The term "chigger" is a common name used to describe the larval stage of a certain group of mites. These mites are parasitic on warm-blooded animals during their larval development and produce bites that cause intense itching and the formation of small, reddish welts. Chiggers are active from spring to late fall but are most numerous in early summer when weeds, grass and other vegetative undergrowth are at their heaviest.

Chiggers are closely related to ticks and spiders and pass through the same four stages of development: the egg, larva, nymph, and adult. Adult chiggers spend the winter in protected locations and become active in early spring. After mating, female mites deposit their eggs in grassy or weedy areas. These eggs hatch into larvae (chiggers) that must feed on a warm-blooded animal in order to complete their development. After feeding, the larva detaches from the animal and finds a protected place on the ground where it develops through the nymph stage into an adult. Both nymphs and adults feed on insect eggs or small insects. Under favorable conditions, most chigger species complete their development in about 40 to 70 days.

In the larval stage, chiggers are orange, yellow or light red and are less than 1/150 of an inch in diameter. These larvae can barely be seen as they crawl on the skin surface of the host in search of an appropriate attachment site. When a suitable location is found, such as a skin pore or hair follicle, the chigger attaches its mouthparts to the spot. On humans, chiggers prefer places where the clothing fits tightly over the skin or where the skin is thin or wrinkled. Contrary to popular opinion, chiggers do not burrow into the skin or feed on blood. Instead, chiggers inject a digestive fluid containing enzymes that causes skin cells to rupture. The ruptured skin cell contents are then utilized as food. Unfortunately, the digestive fluid injected by the chigger causes affected skin tissue to become red and swollen. In addition, the bite area will itch intensely for several days even after the chigger has detached from the skin.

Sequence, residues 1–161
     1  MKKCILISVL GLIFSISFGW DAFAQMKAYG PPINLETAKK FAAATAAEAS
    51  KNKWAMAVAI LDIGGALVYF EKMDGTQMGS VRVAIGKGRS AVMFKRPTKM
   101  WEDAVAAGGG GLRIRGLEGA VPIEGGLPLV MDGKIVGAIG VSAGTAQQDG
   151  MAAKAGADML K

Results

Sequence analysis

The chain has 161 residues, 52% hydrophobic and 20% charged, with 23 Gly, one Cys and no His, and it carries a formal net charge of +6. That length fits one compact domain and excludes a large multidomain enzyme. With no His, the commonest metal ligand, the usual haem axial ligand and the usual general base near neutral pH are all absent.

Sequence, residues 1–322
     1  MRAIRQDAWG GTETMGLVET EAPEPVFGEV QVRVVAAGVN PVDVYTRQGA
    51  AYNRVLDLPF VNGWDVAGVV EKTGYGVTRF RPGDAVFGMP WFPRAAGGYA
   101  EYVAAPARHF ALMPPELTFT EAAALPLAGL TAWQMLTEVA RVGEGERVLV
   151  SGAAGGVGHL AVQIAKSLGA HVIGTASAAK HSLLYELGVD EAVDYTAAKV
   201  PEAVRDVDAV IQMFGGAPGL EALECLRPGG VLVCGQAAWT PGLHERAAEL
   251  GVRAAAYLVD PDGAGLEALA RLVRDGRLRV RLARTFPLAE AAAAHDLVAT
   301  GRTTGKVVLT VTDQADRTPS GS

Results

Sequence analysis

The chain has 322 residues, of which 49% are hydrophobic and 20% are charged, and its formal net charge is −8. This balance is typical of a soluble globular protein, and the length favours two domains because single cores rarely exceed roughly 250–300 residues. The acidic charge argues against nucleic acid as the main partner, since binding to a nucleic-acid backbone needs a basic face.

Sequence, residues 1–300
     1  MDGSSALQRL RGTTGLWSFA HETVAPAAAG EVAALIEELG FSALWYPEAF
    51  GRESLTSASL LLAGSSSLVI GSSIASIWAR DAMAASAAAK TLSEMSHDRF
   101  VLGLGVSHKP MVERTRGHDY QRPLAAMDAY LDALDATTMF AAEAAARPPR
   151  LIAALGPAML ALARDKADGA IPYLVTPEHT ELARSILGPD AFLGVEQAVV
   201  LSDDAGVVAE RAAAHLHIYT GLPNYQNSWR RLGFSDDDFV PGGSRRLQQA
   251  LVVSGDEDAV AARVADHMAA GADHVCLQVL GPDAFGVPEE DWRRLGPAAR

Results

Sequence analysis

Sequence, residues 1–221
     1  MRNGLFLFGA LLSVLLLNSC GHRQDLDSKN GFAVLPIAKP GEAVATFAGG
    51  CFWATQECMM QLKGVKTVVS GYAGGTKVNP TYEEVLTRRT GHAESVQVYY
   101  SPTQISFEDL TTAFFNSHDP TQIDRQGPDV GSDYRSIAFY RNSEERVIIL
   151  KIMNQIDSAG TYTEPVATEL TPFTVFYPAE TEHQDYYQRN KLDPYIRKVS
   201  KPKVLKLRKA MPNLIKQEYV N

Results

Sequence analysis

Control of chiggers in parks, recreation areas, or campgrounds is probably impractical. However, the likelihood of encountering chiggers in these areas can be reduced by applying personal insect repellents, wearing loose-fitting clothing, and avoiding sitting or reclining directly on the ground. In addition, taking a hot, soapy bath or shower immediately after returning from likely chigger-infested areas can remove most chiggers before they have had the opportunity to attach and feed. Chiggers may at times become established in homeowner lawns. In these cases, application of insecticides approved for turfgrass, such as those containing diazinon or chlorpyrifos, can be effective in reducing chigger populations.

This article originally appeared in the July 18, 1997 issue, p. 116.


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